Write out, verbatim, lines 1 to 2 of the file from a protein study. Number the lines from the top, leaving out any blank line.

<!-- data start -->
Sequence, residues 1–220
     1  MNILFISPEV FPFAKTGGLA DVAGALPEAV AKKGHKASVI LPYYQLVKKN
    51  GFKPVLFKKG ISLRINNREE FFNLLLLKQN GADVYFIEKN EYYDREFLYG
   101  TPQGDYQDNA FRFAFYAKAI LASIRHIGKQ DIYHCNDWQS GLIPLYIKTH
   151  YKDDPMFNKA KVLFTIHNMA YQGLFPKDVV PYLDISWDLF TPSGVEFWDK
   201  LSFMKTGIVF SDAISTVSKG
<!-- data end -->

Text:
Sequence, residues 1–220
     1  MNILFISPEV FPFAKTGGLA DVAGALPEAV AKKGHKASVI LPYYQLVKKN